The general solution to the above equation involves complex eigenvectors which are spin speed dependent. An interesting feature of the rotordynamic system of equations are the offdiagonal terms of stiffness. of a simple rotor system is shown on the right. When the BW frequency or the FW frequency equal the spin speed Ω. Engineering specialists in this field rely on the Campbell Diagram to explore these solutions. When there is a positive cross-coupled stiffness. When a rotor is unstable it will typically require immediate shutdown of the machine to avoid catastrophic failure. indicated by the intersections A and B with the synchronous spin speed which q is the generalized coordinates of the rotor in inertial coordinates and f is a forcing function. . also known as "Whirl Speed Map" or a "Frequency Interference Diagram". damping. If this force is large enough compared with the available direct damping and stiffness. the rotor will be unstable. cross-coupled damping. usually including the unbalance. Campbell diagram Campbell Diagram for a Simple Rotor The Campbell diagram. a deflection will cause a reaction force opposite the direction of deflection to react the load. This is called a critical speed. which diverge as the spin speed increases. The pink and blue curves show the backward whirl (BW) and forward whirl (FW) modes. and mass. and cross-coupled mass. respectively. These terms are called crosscoupled stiffness. The gyroscopic matrix G is proportional to spin speed Ω. the response of the rotor may show a peak. and also a reaction force in the direction of positive whirl.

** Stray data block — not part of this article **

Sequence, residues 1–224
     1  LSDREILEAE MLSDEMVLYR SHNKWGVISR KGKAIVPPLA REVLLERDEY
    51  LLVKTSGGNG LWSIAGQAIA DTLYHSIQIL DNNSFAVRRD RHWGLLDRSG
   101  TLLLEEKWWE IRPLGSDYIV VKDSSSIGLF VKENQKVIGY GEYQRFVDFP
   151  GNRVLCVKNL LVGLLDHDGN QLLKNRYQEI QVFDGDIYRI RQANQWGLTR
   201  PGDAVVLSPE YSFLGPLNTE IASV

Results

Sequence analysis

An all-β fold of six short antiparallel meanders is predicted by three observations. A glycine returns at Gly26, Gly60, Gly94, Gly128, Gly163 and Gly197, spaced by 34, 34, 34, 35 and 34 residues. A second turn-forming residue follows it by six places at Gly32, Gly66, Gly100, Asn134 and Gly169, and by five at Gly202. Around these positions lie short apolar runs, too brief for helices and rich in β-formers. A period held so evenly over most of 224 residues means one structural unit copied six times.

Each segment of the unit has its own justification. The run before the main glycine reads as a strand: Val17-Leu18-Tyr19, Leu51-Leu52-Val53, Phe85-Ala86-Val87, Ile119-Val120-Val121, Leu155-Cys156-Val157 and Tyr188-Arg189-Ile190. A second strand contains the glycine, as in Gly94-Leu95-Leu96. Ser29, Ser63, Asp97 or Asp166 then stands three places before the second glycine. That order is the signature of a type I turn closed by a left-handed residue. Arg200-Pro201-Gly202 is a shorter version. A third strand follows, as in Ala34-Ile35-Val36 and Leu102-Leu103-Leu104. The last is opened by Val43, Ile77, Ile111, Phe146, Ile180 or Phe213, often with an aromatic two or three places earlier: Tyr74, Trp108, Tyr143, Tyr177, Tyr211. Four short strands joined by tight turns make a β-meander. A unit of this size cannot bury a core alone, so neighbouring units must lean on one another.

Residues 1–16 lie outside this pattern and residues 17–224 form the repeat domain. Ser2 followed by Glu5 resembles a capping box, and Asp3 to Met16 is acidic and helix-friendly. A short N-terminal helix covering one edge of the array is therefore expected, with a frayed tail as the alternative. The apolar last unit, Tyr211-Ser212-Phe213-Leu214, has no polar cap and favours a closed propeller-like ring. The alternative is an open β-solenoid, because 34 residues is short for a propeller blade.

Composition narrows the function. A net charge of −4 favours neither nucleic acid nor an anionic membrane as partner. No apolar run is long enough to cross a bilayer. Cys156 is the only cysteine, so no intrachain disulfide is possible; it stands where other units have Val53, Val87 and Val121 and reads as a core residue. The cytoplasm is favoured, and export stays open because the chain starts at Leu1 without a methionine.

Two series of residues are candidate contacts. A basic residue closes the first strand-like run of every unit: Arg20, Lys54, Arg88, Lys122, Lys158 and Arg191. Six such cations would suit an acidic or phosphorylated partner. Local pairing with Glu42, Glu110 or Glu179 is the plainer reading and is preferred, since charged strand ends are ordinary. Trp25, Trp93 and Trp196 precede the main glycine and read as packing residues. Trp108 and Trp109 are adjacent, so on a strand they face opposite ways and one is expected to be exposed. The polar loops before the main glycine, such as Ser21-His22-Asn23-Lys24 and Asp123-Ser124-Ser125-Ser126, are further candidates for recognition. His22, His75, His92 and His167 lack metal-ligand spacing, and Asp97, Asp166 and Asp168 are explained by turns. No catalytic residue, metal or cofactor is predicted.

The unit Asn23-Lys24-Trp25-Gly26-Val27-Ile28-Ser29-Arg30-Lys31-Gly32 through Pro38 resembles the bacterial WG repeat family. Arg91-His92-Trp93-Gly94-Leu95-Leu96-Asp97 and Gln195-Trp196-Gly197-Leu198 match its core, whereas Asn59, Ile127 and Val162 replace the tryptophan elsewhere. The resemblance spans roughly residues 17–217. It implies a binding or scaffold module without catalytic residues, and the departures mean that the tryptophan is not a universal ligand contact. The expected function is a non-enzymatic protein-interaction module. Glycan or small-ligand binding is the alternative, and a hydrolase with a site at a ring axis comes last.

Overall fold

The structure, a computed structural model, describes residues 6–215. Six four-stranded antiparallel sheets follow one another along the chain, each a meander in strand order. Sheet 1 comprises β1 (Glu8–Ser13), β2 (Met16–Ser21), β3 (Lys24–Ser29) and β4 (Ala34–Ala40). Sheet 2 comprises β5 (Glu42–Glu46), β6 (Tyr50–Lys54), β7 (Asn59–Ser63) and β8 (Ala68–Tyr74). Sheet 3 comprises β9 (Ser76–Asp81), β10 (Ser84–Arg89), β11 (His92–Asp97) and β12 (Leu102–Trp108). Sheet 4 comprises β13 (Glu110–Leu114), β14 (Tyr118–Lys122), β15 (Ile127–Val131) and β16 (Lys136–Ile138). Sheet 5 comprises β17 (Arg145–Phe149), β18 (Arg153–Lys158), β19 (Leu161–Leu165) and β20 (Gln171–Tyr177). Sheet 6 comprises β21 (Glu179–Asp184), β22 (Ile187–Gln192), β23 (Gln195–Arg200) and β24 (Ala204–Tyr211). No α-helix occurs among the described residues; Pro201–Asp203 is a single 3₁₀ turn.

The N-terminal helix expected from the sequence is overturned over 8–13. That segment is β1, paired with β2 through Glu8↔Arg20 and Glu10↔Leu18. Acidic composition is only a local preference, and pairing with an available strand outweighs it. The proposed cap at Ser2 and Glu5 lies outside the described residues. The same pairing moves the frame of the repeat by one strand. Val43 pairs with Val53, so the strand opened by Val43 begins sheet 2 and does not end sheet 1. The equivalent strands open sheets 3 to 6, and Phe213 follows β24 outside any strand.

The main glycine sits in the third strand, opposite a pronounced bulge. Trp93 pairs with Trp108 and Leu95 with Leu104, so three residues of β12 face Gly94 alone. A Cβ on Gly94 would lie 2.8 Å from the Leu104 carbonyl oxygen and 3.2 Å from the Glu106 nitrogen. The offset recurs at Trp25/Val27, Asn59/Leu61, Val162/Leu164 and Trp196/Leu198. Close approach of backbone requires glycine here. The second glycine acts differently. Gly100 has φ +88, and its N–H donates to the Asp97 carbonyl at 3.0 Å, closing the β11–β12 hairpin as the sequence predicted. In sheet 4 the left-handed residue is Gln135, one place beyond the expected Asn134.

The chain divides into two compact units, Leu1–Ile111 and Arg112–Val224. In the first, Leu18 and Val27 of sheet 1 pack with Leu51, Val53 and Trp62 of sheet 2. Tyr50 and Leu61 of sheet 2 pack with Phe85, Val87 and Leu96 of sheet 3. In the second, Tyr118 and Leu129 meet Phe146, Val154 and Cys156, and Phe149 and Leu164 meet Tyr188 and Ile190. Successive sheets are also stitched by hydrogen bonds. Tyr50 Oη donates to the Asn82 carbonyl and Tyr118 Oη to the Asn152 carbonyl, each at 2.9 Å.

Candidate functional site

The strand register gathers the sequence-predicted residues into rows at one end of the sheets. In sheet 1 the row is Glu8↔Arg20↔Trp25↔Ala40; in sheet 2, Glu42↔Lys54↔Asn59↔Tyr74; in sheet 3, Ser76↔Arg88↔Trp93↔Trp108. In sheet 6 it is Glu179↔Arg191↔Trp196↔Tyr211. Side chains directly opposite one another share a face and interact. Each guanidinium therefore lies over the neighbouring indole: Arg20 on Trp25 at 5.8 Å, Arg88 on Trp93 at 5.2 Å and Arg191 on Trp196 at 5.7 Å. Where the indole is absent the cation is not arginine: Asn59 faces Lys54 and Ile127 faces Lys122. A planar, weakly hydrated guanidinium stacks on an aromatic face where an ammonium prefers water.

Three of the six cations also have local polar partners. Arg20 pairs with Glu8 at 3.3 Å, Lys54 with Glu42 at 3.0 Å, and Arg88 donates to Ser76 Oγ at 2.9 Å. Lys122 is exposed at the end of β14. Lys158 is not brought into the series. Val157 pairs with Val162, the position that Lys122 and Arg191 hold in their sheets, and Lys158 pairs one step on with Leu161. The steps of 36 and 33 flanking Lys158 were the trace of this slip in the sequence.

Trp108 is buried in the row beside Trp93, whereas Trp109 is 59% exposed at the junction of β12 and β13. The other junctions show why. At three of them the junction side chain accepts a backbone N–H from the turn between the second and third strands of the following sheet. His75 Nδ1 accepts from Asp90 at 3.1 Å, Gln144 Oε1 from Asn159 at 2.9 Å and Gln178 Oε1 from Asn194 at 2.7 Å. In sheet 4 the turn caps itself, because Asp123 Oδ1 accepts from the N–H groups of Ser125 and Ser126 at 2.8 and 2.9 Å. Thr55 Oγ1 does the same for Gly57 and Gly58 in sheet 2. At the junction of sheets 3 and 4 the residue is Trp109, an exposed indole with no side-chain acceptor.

but his model was not adequate and he predicted that supercritical speeds could not be attained. Superior algorithms or computer codes will not cure bad models or a lack of engineering judgment.Jeffcott rotor The Jeffcott rotor (named after Henry Homan Jeffcott). . M. Modern computer models have been commented on in a quote attributed to Dara Childs. He published a paper now considered classic in the Philosophical Magazine in 1919 in which he confirmed the existence of stable supercritical speeds. also known as the de Laval rotor in Europe. Gustaf de Laval. F. a Swedish engineer. The most prevalent method used today for rotordynamics analysis is the Finite Element Method. In 1895 Dunkerley published an experimental paper describing supercritical speeds. is a simplified lumped parameter model used to solve these equations.. ran a steam turbine to supercritical speeds in 1889." Prof.. and Kerr published a paper showing experimental evidence of a second critical speed in 1916. August Föppl published much the same conclusions in 1895. "the quality of predictions from a computer code has more to do with the soundness of the basic model and the physical insight of the analyst. Henry Jeffcott was commissioned by the Royal Society of London to resolve the conflict between theory and practice. W. but history largely ignored his work. J. Rankine first performed an analysis of a spinning shaft in 1869. Between the work of Jeffcott and the start of World War II there was much work in the area of instabilities and modeling techniques culminating in the work of Prohl and Myklestad which led to the Transfer Matrix Method (TMM) for analyzing rotors. The Jeffcott rotor is a mathematical idealization that may not reflect actual rotor mechanics. . Nelson has written extensively on the history of rotordynamics and most of this section is based on his work. History The history of rotordynamics is replete with the interplay of theory and practice.